?? If you can explain what you mean by nonsurgical nose reshaping, I might be able to help you.
Small but real risk. Injectable fillers may be used to to minimize appearance of the nasal hump. While this can be a quick "fix" does not permanently improve the appearance of the nose and does come with certain risks. Blood flow to the skin can be disrupted with filler injections - inadvertent injection into a small blood vessel or from pressure on blood vessels or skin itself - may result in tissue death/necrosis.
Very minimal. If you are referring to injectable fillers I feel it should be less than 1% in capable hands. The nasal vasculature at risk for an embolus is subdermal (just under the skin) and the vast majority of filler needs are deeper tissue planes. With small amounts and careful observation, emboli causing any necrosis resulting in scarring can be avoided. Aestheticspecialtycentre. Com.
What is used? Not clear what 'nonsurgical' nose shaping you are asking about. Use of fillers (like injectible silicone to accepted materials) have potential of damaging blood vessels and causing tissue loss & bear the potential of entering into the venous system around the nose which can embolize to the cavernous sinus in the cranium. Can be life threatening.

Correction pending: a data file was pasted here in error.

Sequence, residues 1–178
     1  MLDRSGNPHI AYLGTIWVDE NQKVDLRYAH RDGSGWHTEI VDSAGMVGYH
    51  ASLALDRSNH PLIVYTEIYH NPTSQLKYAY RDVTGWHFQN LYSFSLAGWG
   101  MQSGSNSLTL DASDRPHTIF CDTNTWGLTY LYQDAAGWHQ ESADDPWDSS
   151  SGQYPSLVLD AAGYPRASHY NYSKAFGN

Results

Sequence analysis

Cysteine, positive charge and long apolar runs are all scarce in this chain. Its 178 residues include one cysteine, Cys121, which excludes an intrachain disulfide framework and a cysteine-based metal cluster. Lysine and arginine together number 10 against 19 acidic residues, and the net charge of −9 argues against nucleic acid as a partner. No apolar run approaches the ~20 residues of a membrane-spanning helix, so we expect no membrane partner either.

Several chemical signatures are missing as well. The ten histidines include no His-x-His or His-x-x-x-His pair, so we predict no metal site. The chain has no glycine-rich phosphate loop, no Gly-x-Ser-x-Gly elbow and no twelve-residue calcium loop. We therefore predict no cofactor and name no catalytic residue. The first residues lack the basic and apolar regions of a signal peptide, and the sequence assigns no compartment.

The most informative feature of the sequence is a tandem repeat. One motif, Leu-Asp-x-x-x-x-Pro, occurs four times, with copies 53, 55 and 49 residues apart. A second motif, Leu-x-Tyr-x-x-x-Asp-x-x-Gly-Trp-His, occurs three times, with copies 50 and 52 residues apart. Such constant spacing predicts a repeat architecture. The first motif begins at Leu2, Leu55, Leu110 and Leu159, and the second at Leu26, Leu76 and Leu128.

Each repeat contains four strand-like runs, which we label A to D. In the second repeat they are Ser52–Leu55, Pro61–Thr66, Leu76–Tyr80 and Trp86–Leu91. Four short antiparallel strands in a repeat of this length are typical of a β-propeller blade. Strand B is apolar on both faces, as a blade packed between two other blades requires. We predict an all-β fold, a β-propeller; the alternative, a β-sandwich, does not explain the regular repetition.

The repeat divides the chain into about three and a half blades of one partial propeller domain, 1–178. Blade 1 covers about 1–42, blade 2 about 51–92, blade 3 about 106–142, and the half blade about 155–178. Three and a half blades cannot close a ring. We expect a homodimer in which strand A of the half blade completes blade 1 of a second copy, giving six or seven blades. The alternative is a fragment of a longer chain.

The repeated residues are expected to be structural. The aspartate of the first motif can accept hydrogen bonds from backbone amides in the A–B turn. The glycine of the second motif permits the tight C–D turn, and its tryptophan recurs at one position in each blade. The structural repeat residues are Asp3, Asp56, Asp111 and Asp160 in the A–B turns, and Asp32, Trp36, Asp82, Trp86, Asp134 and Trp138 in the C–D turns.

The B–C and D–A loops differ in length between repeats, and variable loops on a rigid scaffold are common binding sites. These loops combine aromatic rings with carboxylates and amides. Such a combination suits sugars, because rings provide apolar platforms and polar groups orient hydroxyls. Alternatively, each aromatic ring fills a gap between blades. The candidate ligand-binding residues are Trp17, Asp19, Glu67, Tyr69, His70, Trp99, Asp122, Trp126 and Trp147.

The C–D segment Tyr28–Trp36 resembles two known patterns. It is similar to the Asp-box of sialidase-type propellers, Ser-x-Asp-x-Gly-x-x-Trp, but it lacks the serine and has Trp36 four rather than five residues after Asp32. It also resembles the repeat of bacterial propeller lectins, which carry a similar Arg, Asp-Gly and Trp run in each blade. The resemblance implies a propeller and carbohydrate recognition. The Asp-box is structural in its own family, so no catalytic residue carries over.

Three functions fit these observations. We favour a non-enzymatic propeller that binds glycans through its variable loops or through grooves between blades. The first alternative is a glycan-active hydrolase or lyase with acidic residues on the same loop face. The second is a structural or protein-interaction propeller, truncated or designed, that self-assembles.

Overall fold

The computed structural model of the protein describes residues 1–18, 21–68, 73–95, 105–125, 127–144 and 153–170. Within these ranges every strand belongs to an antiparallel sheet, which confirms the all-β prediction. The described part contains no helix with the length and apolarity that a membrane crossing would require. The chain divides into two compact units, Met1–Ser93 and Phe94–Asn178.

Explain non-surgical. It is not recommended that gel or liquid silicone be placed. There are silastic implants for that purpose, but these are placed by small incisions inside the nasal passageways.
Not if done right. Non-surgical nose reshaping is a wonderful procedure for the right kind of patient. Any risk of complications, which would include blood clots, or skin loss, have to do with improper placement of the material. I agree, no silicone, but other fillers work just fine and give beautiful results in the right hands. Make sure your surgeon is experienced with this technique.
Yes. Non-surgical nose reshaping usually refers to the use of fillers to improve nasal contours. Although very rare, there is a risk of arterial embolism whenever injectables are used anyplace in the body.
Yes. It is possible to inject filling material into an artery during filler injection. A properly trained physician can avoid this, but is also trained on how to recognize and treat this early.
Yes, but low. Yes but the riks is low. Some feel the use of blunt cannulae may diminish this risk.
Yes, but low. Low risk but not zero. Make sure any such procedure is done by a board certified facial plastic surgeon.
Possible. However, in most published cases, these lesions resolved with topical steroid therapy.